Sharing the burden
The EU commission's proposal on the "Joint EU Resettlement Program" is an attempt to fight illegal immigration by better coordinating laws and policies of the 27 member states. This comes amid growing European resentment towards immigration at a time of rising unemployment.
The aim of the joint strategy is to share the burden of the influx of African and other refugees, which currently falls heaviest on southern countries like Italy, Malta and Spain, where most illegal migrants arrive.
Fighting illegal immigration
The meeting was chaired by Sweden's Migration Minister Tobias Billstroem, whose country currently holds the EU Presidency. On Monday ahead of the talks, Billstroem stressed that resettling refugees in the European Union can be a crucial step in fighting illegal immigration.
If a refugee stranded in Jordan had the chance to enter the EU legally, there would be no need for him to secretly cross the Mediterranean, Billstroem said. Jordan is for many migrants the starting point to illegally enter the EU in Cyprus.
Only last weekend, a boat with refugees trying to get from Morocco to a small Spanish island Pereijil capsized and dozens of African migrants are feared to be dead. Only 15 people were rescued while eight bodies were found by the Morrocon coast guard. According to the Spanish Red Cross, some 60 African migrants were crammed onto the inflatable dinghy when it sank.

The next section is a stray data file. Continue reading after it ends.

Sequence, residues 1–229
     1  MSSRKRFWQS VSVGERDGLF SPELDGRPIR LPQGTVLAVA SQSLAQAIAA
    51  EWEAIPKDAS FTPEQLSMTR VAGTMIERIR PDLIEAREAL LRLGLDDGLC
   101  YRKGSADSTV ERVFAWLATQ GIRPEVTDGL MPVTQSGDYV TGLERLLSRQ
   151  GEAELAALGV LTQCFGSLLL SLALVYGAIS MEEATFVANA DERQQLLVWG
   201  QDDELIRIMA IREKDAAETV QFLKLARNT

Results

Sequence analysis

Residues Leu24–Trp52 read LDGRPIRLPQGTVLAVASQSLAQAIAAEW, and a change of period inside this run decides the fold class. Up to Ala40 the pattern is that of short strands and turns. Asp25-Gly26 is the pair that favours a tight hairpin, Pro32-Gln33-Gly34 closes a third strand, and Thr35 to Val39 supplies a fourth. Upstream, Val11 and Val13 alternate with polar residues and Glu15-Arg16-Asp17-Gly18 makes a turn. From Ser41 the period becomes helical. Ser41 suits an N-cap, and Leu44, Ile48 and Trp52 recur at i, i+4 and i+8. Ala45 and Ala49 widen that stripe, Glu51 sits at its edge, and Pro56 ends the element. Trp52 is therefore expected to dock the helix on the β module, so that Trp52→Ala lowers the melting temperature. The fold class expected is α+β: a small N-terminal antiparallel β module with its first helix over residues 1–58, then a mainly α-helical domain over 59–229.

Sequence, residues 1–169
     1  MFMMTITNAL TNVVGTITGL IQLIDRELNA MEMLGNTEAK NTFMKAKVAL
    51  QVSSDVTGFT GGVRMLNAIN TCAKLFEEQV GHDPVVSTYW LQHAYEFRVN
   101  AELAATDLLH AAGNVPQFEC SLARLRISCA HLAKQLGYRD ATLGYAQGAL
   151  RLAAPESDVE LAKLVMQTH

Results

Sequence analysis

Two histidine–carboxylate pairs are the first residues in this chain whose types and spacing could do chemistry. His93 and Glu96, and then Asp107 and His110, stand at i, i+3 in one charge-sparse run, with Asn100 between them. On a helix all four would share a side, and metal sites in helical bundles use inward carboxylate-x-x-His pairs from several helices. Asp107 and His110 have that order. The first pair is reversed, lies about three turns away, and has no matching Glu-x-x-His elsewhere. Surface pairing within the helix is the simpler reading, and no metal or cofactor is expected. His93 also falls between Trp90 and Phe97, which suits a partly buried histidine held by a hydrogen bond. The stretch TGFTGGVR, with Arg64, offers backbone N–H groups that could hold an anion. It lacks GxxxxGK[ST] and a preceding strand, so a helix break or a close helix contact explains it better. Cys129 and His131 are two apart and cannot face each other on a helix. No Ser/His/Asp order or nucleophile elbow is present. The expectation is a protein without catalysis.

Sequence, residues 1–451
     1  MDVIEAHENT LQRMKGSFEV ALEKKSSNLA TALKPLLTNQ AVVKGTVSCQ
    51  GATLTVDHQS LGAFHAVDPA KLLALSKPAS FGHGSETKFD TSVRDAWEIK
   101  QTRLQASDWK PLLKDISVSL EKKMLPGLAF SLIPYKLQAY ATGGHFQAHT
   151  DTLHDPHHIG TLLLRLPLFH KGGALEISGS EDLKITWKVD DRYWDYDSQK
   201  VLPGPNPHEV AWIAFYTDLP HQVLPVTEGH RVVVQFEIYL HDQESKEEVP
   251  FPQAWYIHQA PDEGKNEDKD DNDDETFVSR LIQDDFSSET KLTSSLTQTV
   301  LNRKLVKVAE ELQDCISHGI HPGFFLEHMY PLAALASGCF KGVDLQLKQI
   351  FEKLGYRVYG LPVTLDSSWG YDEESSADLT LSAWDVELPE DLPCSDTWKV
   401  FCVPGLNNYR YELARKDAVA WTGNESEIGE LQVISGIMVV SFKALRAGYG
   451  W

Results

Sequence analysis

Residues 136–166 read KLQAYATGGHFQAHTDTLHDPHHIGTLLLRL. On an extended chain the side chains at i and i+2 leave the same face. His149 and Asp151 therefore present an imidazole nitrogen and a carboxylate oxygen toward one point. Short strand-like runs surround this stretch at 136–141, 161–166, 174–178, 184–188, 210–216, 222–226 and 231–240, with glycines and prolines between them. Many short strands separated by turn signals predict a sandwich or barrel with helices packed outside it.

Accepting more refugees to improve the EU's image?
Enabling more refugees to enter the EU legally is also question of backing up Brussels' credibility on the international stage. A tightening of immigration rules over recent years has earned the EU a reputation as Fortress Europe.
"The current relatively low level of involvement of the EU in the resettlement of refugees impacts negatively on the ambition of the EU to play a prominent role in global humanitarian affairs and hence on the influence of the EU in international fora," the proposal by the EU commission says.
According to UN figures, European Union countries accepted 6.7 percent of the more than 65,000 refugees legally resettled worldwide in 2008. The UN estimates that in 2010 some 203,000 refugees will have to be resettled.
Disagreement across EU over treatment of refugees
The EU proposal isn't intended to not be mandatory, and it seems unlikely that the 27-nation bloc will arrive at quick agreement over the issue. Under the proposal, EU members would pledge annually how many people they would be ready to take in exchange for receiving EU funds to help with resettlement.
The ministers also discussed the treatment of refugees arriving in Italy and Greece. Rome has come under fire for tighening it's immigration policy and sending refugees straight back to Libya.
The UN High Commissioner for Refugees (UNHCR) has only recently condemned the state of a asylum camp on the Greek island of Lesbos. And earlier in September, Germany's constitutional court blocked the transfer of an Iraqi refugee to Greece saying the Greek asylum system was overburdened.
Editor: Rick Demarest